Rotherham, Plymouth, and Huddersfield are teams earmarked to struggle. Rotherham scraped through last season, with QPR and Cardiff finishing below them in safety. However, this season may be one in which they succumb to relegation as other teams have improved. Plymouth were promoted with Ipswich but are in a very different position, and Sheffield Wednesday, also promoted, could be in jeopardy after shockingly ousting promotion-securing manager Darren Moore and replacing him with an inexperienced and yet-to-prove-himself manager in Xisco Munez.
You will be watching the EFL Championship with one eye looking up and one eye looking down. Don’t take an eye off either.
The EFL Teams 23/24
There is movement from year to year between the different divisions, and so we’ve made it a bit easier for you with this years list. The teams who have been newly promoted or relegated to the league they’re in this season are marked below.
Aston Villa Luton Town (P)
Bournemouth Manchester City
Brentford Manchester United
Brighton and Hove Albion Newcastle United
Burnley (P) Nottingham Forest
Chelsea Sheffield United (P)
Crystal Palace Tottenham Hotspur
Everton West Ham United
Fulham Wolverhampton Wanderers
Birmingham City Norwich City
Blackburn Rovers Plymouth Argyle (P)
Bristol City Preston North End
Cardiff City Queens Park Rangers
Coventry City Rotherham United
Huddersfield Town Sheffield Wednesday (P)
Hull City Southampton (R)
Ipswich Town (P) Stoke City
Leeds United (R) Sunderland
Leister City (R) Swansea City
Millwall West Bromwich Albion
Barnsley Fleetwood Town
Blackpool (R) Leyton Orient (P)
Bolton Wanderers Lincoln City
Bristol Rovers Northampton Town (P)
Burton Albion Oxford United
Cambridge United Peterborough United
Carlisle United (P) Portsmouth
Charton Athletic Reading (R)
Cheltenham Town Shrewsbury Town
Derby County Stevenage (P)
Exceter City Wycombe Wanderers
Accrington Stanley (R) Mansfield Town
AFC Wimbledon Milton Keynes Dons (R)
Barrow Morecambe (R)
Bradford City Newport County
Colchester United Notts County (P)
Crawley Town Salford City
Crewe Alexandra Stockport County
Doncaster Rovers Sutton United
Forest Green Rovers (R) Swindon Town
Gillingham Tranmere Rovers
Grimsby Town Walsall
Harrogate Town Wrexham (P)
The EFL: DAZN Bet’s Pop Quiz
Think you know it all? Here are some of our favourite bits of trivia from the EFL. Put your knowledge to the test or learn something new with the questions below.
Q: Who is the top goal scorer of all time in the EFL Championship?
A: At 128 goals, Billy Sharp holds the title of the EFL Championship’s top goal scorer. He has made appearances in the Championship for the likes of Reading, Doncaster Rovers, and Southampton FC. As of the EFL Championship 22/23 season, he is the captain of Sheffield United.
He is followed by David Nugent, who has scored 121 goals in the EFL Championship.
Q: Which clubs have won all four divisions?
A: Five clubs have the honour of having lifted the titles of the four professional divisions. Wolves have done it most often. Preston North End, Burnley, Portsmouth, and Sheffield United can also claim this feat.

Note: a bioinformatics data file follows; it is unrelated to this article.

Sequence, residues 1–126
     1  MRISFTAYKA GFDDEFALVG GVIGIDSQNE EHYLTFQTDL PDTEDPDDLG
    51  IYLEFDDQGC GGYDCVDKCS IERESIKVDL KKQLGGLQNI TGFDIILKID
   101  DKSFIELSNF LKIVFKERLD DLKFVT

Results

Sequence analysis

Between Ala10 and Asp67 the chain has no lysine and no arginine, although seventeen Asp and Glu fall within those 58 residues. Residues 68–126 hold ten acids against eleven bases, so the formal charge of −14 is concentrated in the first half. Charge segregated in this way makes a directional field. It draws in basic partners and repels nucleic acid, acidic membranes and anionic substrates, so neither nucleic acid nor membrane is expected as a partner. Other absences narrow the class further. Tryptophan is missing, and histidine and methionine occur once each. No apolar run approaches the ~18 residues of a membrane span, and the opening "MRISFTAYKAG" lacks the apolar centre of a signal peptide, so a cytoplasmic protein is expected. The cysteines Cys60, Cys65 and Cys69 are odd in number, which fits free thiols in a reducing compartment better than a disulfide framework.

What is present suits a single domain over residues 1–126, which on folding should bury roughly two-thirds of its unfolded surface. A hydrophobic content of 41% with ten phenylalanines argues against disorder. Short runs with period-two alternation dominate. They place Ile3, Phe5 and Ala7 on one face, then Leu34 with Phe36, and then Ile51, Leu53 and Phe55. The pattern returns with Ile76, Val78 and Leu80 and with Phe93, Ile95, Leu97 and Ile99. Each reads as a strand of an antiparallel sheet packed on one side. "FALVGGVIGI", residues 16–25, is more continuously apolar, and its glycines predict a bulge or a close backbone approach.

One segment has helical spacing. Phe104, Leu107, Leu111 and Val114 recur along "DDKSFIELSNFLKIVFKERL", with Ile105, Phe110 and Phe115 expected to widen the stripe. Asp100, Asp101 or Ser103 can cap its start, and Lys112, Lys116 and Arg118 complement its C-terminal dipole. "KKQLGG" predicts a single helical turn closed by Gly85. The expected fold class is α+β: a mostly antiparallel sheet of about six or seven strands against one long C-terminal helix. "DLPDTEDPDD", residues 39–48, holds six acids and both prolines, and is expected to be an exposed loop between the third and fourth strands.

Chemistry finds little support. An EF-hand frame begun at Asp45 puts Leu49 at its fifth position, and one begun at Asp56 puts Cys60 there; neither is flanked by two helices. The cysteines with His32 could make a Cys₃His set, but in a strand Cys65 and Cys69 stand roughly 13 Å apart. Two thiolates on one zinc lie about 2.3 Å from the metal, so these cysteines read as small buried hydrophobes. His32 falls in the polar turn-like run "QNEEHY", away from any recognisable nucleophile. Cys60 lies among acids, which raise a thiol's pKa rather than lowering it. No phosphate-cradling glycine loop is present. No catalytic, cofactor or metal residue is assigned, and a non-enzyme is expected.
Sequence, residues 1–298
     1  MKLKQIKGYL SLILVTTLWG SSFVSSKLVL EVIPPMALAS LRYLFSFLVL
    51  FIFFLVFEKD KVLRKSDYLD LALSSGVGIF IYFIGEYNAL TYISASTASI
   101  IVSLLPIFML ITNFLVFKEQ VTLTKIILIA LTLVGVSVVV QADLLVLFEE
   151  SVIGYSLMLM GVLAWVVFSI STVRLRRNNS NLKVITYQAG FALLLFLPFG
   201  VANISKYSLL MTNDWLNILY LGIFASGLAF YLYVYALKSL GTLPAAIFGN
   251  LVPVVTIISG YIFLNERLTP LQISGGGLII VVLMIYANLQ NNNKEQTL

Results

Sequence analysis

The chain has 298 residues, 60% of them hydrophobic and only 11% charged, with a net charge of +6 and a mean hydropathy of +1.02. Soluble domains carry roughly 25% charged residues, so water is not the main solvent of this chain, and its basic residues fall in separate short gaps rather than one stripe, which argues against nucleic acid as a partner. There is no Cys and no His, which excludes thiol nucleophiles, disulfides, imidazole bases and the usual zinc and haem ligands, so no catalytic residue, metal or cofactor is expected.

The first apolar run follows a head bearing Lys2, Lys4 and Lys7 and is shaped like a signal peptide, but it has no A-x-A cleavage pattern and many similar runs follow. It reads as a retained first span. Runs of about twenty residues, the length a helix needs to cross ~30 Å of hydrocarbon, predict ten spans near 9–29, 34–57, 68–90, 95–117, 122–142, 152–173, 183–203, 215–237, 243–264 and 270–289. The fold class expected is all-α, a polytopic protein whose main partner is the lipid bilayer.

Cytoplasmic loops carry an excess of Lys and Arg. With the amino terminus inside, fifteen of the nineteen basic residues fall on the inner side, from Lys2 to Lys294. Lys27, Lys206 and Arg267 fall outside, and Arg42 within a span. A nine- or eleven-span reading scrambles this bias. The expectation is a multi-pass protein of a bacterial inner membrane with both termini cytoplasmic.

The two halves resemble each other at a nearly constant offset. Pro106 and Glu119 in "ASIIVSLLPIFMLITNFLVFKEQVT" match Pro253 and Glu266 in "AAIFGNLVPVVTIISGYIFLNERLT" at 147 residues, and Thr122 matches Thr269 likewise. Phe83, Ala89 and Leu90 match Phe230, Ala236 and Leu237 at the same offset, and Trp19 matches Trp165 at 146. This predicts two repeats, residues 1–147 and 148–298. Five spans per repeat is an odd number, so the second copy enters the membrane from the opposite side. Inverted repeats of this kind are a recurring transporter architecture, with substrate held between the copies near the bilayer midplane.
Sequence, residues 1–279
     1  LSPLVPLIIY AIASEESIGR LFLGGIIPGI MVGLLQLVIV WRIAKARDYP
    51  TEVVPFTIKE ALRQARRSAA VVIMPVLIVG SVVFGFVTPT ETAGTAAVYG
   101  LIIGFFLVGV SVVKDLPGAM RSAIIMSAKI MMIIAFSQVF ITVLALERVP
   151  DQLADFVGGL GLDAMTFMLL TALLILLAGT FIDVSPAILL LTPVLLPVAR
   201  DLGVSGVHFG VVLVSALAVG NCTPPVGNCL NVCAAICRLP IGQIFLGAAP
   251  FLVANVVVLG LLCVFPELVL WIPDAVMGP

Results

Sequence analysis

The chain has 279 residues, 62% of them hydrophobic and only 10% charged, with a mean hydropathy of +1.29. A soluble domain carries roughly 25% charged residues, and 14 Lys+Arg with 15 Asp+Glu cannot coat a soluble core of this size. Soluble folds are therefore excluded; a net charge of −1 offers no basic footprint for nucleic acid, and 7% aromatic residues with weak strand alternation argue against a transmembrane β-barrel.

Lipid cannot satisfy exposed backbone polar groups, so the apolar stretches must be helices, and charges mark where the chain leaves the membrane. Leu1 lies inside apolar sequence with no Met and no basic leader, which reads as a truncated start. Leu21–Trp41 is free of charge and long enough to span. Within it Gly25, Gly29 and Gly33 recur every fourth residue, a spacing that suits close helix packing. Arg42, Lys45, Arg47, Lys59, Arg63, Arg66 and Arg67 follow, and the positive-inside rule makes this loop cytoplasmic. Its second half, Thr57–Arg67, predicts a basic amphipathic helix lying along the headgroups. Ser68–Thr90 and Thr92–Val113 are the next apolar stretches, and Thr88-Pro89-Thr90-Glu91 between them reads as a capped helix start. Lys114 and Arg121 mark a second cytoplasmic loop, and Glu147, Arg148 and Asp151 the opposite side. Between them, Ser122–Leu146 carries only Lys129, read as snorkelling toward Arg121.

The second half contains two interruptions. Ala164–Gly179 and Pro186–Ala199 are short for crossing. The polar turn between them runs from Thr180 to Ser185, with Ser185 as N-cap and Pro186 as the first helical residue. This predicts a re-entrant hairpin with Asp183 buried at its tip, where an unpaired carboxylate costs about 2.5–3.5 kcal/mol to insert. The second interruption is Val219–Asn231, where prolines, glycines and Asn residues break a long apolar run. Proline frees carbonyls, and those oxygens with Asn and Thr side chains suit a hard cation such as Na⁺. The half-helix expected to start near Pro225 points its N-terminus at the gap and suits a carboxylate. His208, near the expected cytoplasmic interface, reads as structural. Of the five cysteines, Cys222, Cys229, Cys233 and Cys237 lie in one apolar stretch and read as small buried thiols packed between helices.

Q: When was the EFL Championship founded?
A: If you’re thinking about the inception of the EFL Championship as we know it today, then you’re looking for the (not-so-distant) year of 2016.
Then again, the EFL Championship’s history is far longer than these past 6 years. Once the second division (as the first division went on to become the Premier League), it was initially founded in 1892, when the Football Alliance Merged with the Football League.
Q: Who holds the record for the most appearances in the EFL for an outfielder?
A: Tony Ford made 931 appearances in a career that spanned 27 years (1975 to 2002). He played for Grimsby Town, Sunderland, Stoke City, West Bromwich Albion, Bradford City, Scunthorpe United, and Mansfield Town before finishing his career at Rochdale.
Q: How Many Games Happen During the EFL Season?
A: In any given season, teams playing in the Premier League play 38 games, which is the same for League 1, while League 2 and the EFL Championship can enjoy a grand total of 46 games each.
Q: Which club has scored the most goals in a single season?
A: Peterborough United’s 134-goal haul in the 1960/1961 Fourth Division season was the most a team has recorded in a single season.
Our Predictions: The EFL Championship 23/24 Season
Part of the excitement of the EFL championship is the difficulties pundits and fans face when putting together predictions. As all fans know, it’s a closely fought league and a run of good or bad form could totally transform what’s possible for any given team, meaning who remains in the league for the 23/24 season, as well as who leaves and enters, is anyone’s guess.
Who competes for promotion from the Championship to the Premier League will depend on who comes down. Many big, big teams are struggling in the EPL – Everton, West Ham, and Wolves, for instance – such that should they actually fall into the second tier, they would be immediate favourites to return at the first time of asking.
As for the bottom end, teams notoriously struggle for stability year-on-year. For example, while Bristol City were high-flying play-off contenders not a few years ago, they’re struggling in the 22/23 season. The key will be for existing Championship teams who survive this year to further consolidate or take risks and make a push for the playoffs and, ultimately, promotion.
The Championships is a special league, full of twists, surprises, fallen giants, and plucky underdogs. It’s no surprise that national TV audiences want to see more and global broadcasters are starting to take note.